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Microsoft's secret weapon in browser wars: Mozilla's supercharged Asm.js

Native-speed JavaScript available now in Windows 10's Edge browser

Microsoft has included a surprise feature in its new Edge web browser for Windows 10, in the form of support for the ultra-optimizable Asm.js JavaScript dialect.

First developed by Mozilla and championed by the nonprofit's former CTO Brendan Eich, Asm.js is a strict subset of JavaScript that aims to be the "assembly language of the web."

By eliminating many of the vagaries of the JavaScript language syntax, Asm.js forces client-side web code into a form that is easy for Just-In-Time compilers to parse and optimize.

In many cases, Asm.js code can be compiled into native binaries that execute as fast as code written in C or C++ – as evidenced by impressive 3D gaming demos like the one that was developed jointly by Mozilla and Unity earlier this year.

To gain the benefits, though, explicit support for Asm.js must be built into the browser. And while support is already present in Firefox and Chrome (albeit reluctantly), Microsoft hasn't said much about it until now.

In a Thursday blog post, Microsoft's Edge team said Asm.js support was one of the ten most requested features submitted to the Microsoft Edge Developer Suggestion Box. What's more, not only has Redmond listened, but experimental Asm.js support is already available in the version of Edge that shipped with the current version of the Windows 10 Technical Preview, Build 10074.

To enable it, all you need to do is enter "about:flags" into the URL bar and tick the box next to the relevant option under the browser's list of experimental features.

Screenshot showing the Asm.js option in Microsoft Edge browser

It's the box at the bottom

Microsoft said it has made a number of modifications to its Chakra JavaScript engine to support Asm.js, as illustrated by the green components of the pipeline in the diagram below:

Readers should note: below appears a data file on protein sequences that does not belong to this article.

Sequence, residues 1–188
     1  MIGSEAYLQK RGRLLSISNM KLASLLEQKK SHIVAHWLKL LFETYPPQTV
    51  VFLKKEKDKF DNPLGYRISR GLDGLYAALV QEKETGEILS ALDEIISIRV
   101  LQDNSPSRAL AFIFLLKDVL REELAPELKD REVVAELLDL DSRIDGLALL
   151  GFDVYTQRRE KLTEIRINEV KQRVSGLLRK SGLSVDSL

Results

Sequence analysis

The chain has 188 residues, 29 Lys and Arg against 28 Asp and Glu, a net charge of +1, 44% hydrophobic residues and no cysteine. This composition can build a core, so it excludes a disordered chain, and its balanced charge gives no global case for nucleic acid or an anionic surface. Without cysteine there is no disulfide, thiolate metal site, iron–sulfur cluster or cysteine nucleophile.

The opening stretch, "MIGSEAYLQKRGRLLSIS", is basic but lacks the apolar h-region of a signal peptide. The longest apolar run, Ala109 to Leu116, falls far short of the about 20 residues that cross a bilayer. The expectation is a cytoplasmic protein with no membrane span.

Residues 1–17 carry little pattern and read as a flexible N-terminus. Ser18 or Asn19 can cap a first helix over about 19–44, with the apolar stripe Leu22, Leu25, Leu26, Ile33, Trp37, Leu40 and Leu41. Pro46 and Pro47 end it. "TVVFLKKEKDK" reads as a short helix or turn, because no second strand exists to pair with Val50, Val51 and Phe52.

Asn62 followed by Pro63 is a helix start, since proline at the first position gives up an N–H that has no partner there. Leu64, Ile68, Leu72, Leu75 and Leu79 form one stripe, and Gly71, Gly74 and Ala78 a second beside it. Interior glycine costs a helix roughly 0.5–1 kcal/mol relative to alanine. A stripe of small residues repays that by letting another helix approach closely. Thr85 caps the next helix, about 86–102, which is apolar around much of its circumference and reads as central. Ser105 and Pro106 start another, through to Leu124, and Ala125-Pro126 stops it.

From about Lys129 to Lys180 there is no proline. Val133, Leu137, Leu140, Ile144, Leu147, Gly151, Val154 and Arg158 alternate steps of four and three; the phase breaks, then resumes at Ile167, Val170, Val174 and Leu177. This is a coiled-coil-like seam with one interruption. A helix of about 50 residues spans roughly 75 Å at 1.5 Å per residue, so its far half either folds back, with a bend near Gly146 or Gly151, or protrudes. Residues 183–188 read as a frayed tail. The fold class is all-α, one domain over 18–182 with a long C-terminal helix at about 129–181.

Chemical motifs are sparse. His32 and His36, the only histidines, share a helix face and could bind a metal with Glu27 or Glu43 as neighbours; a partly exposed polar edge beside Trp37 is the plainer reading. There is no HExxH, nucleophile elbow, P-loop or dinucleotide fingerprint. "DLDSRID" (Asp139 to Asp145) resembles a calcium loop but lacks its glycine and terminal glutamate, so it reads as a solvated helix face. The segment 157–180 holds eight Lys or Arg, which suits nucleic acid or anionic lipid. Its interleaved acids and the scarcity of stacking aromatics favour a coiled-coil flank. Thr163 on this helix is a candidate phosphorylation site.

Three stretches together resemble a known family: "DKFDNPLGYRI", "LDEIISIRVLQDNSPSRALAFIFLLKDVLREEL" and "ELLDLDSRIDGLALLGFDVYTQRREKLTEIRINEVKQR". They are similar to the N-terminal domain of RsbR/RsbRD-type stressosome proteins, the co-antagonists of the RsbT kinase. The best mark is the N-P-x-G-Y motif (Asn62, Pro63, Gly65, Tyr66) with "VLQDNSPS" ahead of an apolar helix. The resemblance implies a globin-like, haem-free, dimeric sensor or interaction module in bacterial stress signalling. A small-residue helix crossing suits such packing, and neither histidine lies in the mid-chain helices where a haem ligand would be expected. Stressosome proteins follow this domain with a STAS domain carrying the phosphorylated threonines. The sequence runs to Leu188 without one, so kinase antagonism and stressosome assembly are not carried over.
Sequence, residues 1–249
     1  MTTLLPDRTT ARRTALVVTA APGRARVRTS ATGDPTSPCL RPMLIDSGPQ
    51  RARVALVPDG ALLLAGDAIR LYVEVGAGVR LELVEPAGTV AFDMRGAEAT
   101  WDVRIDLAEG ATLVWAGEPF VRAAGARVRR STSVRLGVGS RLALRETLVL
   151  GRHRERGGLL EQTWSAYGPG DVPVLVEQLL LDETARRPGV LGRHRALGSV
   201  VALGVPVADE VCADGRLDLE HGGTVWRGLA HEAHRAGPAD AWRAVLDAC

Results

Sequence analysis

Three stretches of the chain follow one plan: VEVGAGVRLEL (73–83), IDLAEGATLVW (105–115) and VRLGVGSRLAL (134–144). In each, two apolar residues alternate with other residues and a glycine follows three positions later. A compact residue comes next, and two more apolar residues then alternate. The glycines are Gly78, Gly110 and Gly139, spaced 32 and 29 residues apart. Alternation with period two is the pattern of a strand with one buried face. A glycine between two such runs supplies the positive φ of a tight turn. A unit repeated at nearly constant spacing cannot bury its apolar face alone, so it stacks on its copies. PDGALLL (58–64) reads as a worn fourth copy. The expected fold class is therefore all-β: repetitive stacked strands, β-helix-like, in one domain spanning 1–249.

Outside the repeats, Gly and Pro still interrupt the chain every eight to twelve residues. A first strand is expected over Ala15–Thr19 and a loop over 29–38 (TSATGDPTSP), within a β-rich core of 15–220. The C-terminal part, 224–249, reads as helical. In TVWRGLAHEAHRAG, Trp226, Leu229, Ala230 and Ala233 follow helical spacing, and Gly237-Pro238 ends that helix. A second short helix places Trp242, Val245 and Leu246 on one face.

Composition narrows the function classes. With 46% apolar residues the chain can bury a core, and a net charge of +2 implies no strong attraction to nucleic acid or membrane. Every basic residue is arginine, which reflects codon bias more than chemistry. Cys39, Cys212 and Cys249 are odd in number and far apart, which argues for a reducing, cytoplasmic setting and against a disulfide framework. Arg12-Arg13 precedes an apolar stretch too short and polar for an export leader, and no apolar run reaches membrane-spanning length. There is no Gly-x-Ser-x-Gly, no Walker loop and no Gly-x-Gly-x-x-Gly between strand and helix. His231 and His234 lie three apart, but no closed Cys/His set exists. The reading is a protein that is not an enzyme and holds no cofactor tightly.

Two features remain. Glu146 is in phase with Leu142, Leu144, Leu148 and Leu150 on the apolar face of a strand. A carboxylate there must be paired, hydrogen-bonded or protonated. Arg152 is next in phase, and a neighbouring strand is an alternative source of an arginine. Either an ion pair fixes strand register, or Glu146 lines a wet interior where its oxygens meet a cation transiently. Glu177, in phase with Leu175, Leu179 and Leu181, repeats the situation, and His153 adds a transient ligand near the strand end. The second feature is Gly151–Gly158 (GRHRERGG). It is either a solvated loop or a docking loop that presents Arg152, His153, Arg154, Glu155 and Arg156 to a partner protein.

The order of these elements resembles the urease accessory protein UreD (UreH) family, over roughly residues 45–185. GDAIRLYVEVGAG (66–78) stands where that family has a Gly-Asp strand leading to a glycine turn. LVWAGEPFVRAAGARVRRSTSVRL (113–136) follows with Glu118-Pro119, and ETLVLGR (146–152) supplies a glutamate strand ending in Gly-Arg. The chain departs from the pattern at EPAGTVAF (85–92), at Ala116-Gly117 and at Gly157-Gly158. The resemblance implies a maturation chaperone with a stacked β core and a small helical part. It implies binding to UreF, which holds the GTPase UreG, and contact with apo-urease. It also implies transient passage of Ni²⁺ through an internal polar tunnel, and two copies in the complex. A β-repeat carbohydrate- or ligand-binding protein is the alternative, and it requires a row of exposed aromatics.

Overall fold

Diagram showing the pipeline for Microsoft's Chakra JavaScript engine

Microsoft's Chakra JavaScript engine has been juiced up to support Asm.js

Among the new components is an Asm.js validator that ensures that code marked as being Asm.js actually complies with the spec. It also has a new generator that outputs Type Specialized bytecode, which takes advantage of the fact that Asm.js only supports architecture-native data types like integers, floats, and doubles to speed up execution. Chakra's JIT compiler has also been optimized to add extra acceleration Asm.js code that's output by the LLVM compiler backend.

The Edge team's blog post goes into more detail about how Chakra's new features help push the pedal to the metal when executing Asm.js code. Suffice it to say that Edge means to be fast. Microsoft says it already performs 300 per cent faster on the Unity Benchmark and 200 per cent faster on other benchmarks than it did before Asm.js support was enabled. To check it out, you can put the new browser through its paces on some 3D games and other demos.

The work isn't done, though, and Microsoft says it plans to gather more data from the preview builds of Edge to determine whether its current approach to Asm.js is working before enabling support by default.

Once it's satisfied, however, the plan is to enable Asm.js not only within Edge but also for HTML/JavaScript apps sold through the Windows Store, which target Windows 10's EdgeHTML rendering engine.

Microsoft is accepting feedback on Asm.js support and all things Edge on Twitter and its own Connect web forums. ®

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